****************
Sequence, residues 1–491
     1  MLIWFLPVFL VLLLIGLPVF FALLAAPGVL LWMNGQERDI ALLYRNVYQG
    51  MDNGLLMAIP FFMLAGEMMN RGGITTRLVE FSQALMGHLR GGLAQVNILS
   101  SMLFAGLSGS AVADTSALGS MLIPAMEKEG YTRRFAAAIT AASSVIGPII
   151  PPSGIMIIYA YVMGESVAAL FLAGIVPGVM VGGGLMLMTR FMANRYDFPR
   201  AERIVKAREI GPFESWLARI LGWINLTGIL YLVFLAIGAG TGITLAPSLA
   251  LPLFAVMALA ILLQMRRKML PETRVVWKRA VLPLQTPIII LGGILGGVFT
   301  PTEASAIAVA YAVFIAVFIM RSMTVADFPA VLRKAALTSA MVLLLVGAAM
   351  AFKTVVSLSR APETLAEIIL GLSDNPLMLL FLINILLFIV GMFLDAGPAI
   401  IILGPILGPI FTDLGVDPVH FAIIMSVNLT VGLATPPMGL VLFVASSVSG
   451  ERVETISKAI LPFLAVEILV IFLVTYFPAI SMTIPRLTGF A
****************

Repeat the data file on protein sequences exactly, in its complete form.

Sequence, residues 1–491
     1  MLIWFLPVFL VLLLIGLPVF FALLAAPGVL LWMNGQERDI ALLYRNVYQG
    51  MDNGLLMAIP FFMLAGEMMN RGGITTRLVE FSQALMGHLR GGLAQVNILS
   101  SMLFAGLSGS AVADTSALGS MLIPAMEKEG YTRRFAAAIT AASSVIGPII
   151  PPSGIMIIYA YVMGESVAAL FLAGIVPGVM VGGGLMLMTR FMANRYDFPR
   201  AERIVKAREI GPFESWLARI LGWINLTGIL YLVFLAIGAG TGITLAPSLA
   251  LPLFAVMALA ILLQMRRKML PETRVVWKRA VLPLQTPIII LGGILGGVFT
   301  PTEASAIAVA YAVFIAVFIM RSMTVADFPA VLRKAALTSA MVLLLVGAAM
   351  AFKTVVSLSR APETLAEIIL GLSDNPLMLL FLINILLFIV GMFLDAGPAI
   401  IILGPILGPI FTDLGVDPVH FAIIMSVNLT VGLATPPMGL VLFVASSVSG
   451  ERVETISKAI LPFLAVEILV IFLVTYFPAI SMTIPRLTGF A